Tuesday, 30 November 2010

Student militants continue to lead the way

Today was Day X 2, the second nationwide day of action called in the wake of Demo 2010, and by all accounts it looks like the momentum is holding. Police repression seems to be radicalising, rather than scaring off, many protesters, and resistance continues to grow. This is a genuine revolt.

For those who weren't there, Indymedia has a helpful summary of the days events, whilst a more in-depth account, based on live updates, can be found at LibCom.

One of the most positive developments in this protest is that the police are now on the back foot. Mass outrage over police kettling translated into largely effective avoidance tactics on the ground. At the same time, the will for occupations continues to grow, despite Aaron Porter's inevitable back-peddling.

As Patrick Kingsley reports for the Guardian (9:56 entry);
National union of students (NUS) president Aaron Porter has already reneged on a promise made only on Sunday in which he pledged the NUS would "organise financial, legal and political aid for all current and future occupations."

The Cambridge university occupation – who were yesterday afternoon issued with a possession order by university authorities – asked Porter to provide them with specific NUS legal support. But Porter refused, arguing that NUS can only offer general legal advice about occupiers' rights, rather than legal support for individual occupations, in a declaration which seemed to contradict the promises he made on Sunday.

Porter did not respond to requests from the Guardian for comment last night but he did make the following statements on his Twitter account, @aaronporter:
Porter's apparent u-turn came only a day after promising students at the University College London (UCL) to organise financial, legal and political aid for all occupations and apologising for his "spineless" lack of prior support for university occupations.

The Cambridge occupation criticised Porter for only offering advice "which is already freely available on the internet."

The occupiers said the NUS had "failed" them. "We are being failed by institutions which are meant to be standing up for us - this is why we need to step up to act and resist."

A statement released by the UCL occupation yesterday also criticised Porter's actions: "The UCL occupation is disappointed it has taken just one day for Aaron Porter to renege on his promise to provide financial and legal support to occupations.

"The excuse that NUS cannot provide support to individual students is thin - as a national organisation it has unparalleled access to those willing to offer pro bono legal advice and representation. We urge Aaron to reconsider before he loses the goodwill and unity created yesterday, and hope that his acceptance of other proposals is not under threat."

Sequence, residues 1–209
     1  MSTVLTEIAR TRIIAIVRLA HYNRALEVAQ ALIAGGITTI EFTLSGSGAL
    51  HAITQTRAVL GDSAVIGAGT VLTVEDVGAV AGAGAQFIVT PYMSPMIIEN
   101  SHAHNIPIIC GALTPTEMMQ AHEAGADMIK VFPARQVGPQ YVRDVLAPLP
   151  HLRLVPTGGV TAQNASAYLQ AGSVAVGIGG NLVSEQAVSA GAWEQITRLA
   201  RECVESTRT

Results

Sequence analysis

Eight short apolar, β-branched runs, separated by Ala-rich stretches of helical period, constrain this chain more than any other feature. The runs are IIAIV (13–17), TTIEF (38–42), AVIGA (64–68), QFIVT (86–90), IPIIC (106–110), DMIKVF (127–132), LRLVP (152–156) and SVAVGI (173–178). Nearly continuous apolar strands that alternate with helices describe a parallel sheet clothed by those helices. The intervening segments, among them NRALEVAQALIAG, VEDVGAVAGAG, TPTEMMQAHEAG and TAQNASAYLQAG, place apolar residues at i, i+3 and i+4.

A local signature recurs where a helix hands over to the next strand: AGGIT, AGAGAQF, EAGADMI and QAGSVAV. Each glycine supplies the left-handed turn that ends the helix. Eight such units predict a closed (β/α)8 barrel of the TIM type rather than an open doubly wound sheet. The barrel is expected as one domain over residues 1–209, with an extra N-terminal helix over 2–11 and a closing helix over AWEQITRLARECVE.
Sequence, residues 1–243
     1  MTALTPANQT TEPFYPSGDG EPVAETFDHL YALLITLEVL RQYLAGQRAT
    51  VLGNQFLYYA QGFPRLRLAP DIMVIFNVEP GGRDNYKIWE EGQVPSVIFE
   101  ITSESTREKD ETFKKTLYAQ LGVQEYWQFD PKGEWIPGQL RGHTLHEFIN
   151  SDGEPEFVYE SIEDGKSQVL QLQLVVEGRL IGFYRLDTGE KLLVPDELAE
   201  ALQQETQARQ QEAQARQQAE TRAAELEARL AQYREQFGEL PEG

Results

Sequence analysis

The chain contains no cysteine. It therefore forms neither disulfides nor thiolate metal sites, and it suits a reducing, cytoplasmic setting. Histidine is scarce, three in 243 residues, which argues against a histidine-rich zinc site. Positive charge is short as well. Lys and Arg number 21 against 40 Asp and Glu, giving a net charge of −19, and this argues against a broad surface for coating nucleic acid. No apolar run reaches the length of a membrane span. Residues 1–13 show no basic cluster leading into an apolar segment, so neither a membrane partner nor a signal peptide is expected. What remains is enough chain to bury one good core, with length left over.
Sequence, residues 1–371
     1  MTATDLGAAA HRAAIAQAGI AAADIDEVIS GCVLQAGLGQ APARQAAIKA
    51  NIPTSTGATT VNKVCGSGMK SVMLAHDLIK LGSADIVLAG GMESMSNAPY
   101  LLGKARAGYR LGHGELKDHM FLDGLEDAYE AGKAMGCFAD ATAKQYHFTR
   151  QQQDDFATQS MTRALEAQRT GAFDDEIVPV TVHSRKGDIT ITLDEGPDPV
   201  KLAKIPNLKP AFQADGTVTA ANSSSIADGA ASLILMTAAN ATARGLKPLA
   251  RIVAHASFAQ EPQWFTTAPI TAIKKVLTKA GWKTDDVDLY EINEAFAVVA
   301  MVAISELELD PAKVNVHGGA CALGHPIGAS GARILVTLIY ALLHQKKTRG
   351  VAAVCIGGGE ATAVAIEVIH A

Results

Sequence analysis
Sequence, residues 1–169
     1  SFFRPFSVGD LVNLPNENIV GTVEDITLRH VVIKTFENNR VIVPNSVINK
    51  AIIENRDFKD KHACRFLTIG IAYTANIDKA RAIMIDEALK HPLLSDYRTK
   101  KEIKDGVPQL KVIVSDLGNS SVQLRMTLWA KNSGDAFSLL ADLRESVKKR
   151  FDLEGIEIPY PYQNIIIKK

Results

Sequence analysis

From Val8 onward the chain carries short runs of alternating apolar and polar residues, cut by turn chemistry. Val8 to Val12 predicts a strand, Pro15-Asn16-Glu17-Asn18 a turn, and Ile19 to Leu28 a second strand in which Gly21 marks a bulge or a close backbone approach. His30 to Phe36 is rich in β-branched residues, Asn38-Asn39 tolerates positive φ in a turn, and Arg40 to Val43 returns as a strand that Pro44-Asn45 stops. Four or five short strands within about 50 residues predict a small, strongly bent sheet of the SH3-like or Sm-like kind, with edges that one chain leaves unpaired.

This is significant because, ordinarily, such a U-Turn would usually serve as a way of demobilising radicalism. However, as I commented yesterday, Porter has lost all control of this movement. And nobody is willing to let him have control of the reins again.

As Rowan Rheingans wrote in the Guardian, the students "are busy organising, occupying and reimagining what we want education to be." Thus, they "have got more pressing things to do" than "dwell for any length of time on what could be more empty promises." In a few short days, students have done what the labour movement thus far cannot and relegated their bureaucracy to the sidelines.

The next days of action are set for Sunday 5th and Saturday 11th December, "so that parents, younger students, trade unionists and other supporters of the campaign who aren't able to join us on the walkouts can take part." Whilst they continue to hold the fort in occupied lecture theatres and university halls, those behind this momentous campaign realise that it has to go wider and are offering those supporting from the sidelines the chance to get stuck in.

It's an opportunity we cannot pass up. Indeed, if opposition to the government's austerity agenda is to have any success, it will be because the resistance is an organic, broad-based, and ever evolving.

Those who thrive on sterile meetings, front groups, and lofty rhetoric unmatched by action have had their day. What we are seeing now is a movement genuinely led from below, thriving without hierarchy or formal leadership. In short, it is exactly what we need in the fight ahead.

Monday, 29 November 2010

Quote of the day...

...goes, a day late, to NUS President Aaron Porter;
For too long the NUS has perhaps been too cautious and too spineless about being committed to supporting student activism. Perhaps I spent too long over the last few days doing the same.
This has to be the understatement of the century. Nonetheless, his declaration that "I just want to apologise for my dithering in the last few days" is to be welcomed. If only because the "leaders" of the left are waking up to the fact that we're no longer content to simply let off steam as they further their careers.

As Lenin's Tomb put it, this "eans the most militant students are setting the pace. They are leading, and the official leadership is trying to catch up." This is indeed a good thing.

But what's important now is that we don't let them. They can grovel all they like, and I implore them to forever to admit their spinelessness. But the second that they are back in front the concessions will disappear, militancy will be swallowed up, and momentum will cease in favour of a pressure-release that accomplishes nothing.